Davao del Sur residents told they’re lucky outages short
More News from Philippine Daily Inquirer
DIGOS CITY—Consider yourselves lucky.
Residents of Davao del Sur were told to grin and bear three-hour daily outages because the situation could be worse.
Godofredo Guya, general manager of the Davao del Sur Electric Cooperative (Dasureco), said the province’s residents suffer only up to three hours of brownouts daily compared to seven hours in other areas.
Guya said Dasureco was forced to impose the brownouts because it receives only an average of 12 megawatts of electricity daily.
Guya said the situation was worse in other areas, like South Cotabato where residents suffer up to seven hours of brownouts daily.
Consumers, he said, should stop blaming Dasureco because the problem lies with supply of electricity.
Guya said the power curtailment scheme was started by the National Grid Corp. of the Phils. (NGCP) more than two weeks ago because of Mindanao’s worsening power shortage.
The dry season, Guya said, also resulted in lower water levels at the Pulangui and Agus hydropower facilities in Bukidnon and Lanao. The two facilities supply about 70 percent of Mindanao’s power.
Guya said Dasureco could not guarantee that daily brownouts will last for only up to three hours daily.
Guya said plans to bring in power barges from the Visayas were being opposed by the National Power Corp. because of its costs.
The Department of Energy, he said, was pushing for the use of generators owned by big companies to boost power supply in Mindanao.
Guya said big companies were being enticed to help boost power supply on the island as part of their “corporate social responsibility.”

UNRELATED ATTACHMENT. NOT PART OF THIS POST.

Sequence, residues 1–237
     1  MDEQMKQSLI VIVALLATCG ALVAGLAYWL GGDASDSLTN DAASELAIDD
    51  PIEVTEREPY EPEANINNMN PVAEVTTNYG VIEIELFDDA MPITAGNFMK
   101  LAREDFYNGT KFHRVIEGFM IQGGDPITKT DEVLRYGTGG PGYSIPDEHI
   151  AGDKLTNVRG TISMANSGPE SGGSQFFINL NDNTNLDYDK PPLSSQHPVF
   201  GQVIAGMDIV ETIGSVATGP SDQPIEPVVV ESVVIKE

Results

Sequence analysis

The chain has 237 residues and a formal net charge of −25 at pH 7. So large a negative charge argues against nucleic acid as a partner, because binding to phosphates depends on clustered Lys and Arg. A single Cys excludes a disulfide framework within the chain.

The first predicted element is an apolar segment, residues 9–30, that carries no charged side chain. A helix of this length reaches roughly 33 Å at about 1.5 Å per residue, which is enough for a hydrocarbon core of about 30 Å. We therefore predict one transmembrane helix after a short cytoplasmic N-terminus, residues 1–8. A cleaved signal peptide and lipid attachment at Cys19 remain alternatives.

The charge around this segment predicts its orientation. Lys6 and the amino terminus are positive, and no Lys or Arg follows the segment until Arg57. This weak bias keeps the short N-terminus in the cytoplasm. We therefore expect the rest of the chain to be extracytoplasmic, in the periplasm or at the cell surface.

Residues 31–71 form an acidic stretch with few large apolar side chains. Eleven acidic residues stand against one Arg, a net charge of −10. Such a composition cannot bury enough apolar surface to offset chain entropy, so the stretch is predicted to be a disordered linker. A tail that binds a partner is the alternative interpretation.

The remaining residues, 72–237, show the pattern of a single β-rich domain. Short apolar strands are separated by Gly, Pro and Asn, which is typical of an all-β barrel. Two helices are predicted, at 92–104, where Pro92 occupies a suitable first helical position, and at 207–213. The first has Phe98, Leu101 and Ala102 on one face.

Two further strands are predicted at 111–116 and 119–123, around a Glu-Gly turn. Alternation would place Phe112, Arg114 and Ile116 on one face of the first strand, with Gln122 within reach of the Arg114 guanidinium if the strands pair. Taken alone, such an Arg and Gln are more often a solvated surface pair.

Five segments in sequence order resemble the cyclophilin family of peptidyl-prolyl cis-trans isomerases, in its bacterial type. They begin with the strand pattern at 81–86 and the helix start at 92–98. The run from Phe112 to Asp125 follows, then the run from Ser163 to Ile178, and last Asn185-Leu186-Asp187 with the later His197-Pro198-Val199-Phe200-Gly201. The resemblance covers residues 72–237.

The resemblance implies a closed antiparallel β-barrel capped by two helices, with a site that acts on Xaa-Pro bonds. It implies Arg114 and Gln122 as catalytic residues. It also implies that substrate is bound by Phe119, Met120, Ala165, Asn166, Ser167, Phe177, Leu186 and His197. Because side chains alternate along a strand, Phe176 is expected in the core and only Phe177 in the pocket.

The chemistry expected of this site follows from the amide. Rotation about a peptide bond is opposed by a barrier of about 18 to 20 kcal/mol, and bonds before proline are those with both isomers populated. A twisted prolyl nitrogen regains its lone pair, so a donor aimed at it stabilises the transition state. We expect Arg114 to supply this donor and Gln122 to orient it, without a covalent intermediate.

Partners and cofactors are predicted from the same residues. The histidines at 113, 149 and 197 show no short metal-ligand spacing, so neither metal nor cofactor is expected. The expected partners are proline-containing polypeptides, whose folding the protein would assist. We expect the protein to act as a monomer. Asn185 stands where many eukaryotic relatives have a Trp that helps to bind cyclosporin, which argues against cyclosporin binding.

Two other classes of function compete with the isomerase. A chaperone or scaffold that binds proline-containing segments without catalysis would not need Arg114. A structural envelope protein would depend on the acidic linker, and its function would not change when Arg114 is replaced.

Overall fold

Factories or hospitals, he said, could be asked to use their generators during peak hours to reduce dependence on traditional sources of power.
He said the power situation in Mindanao could worsen next year unless more generation facilities are developed. Orlando Dinoy with a report from Aquiles Zonio, Inquirer Mindanao
Disclaimer: The comments uploaded on this site do not necessarily represent or reflect the views of management and owner of INQUIRER.net. We reserve the right to exclude comments that we deem to be inconsistent with our editorial standards.
To subscribe to the Philippine Daily Inquirer newspaper in the Philippines, call +63 2 896-6000 for Metro Manila and Metro Cebu or email your subscription request here.
Factual errors? Contact the Philippine Daily Inquirer's day desk. Believe this article violates journalistic ethics? Contact the Inquirer's Reader's Advocate. Or write The Readers' Advocate:
c/o Philippine Daily Inquirer Chino Roces Avenue corner Yague and Mascardo Streets, Makati City,Metro Manila, Philippines Or fax nos. +63 2 8974793 to 94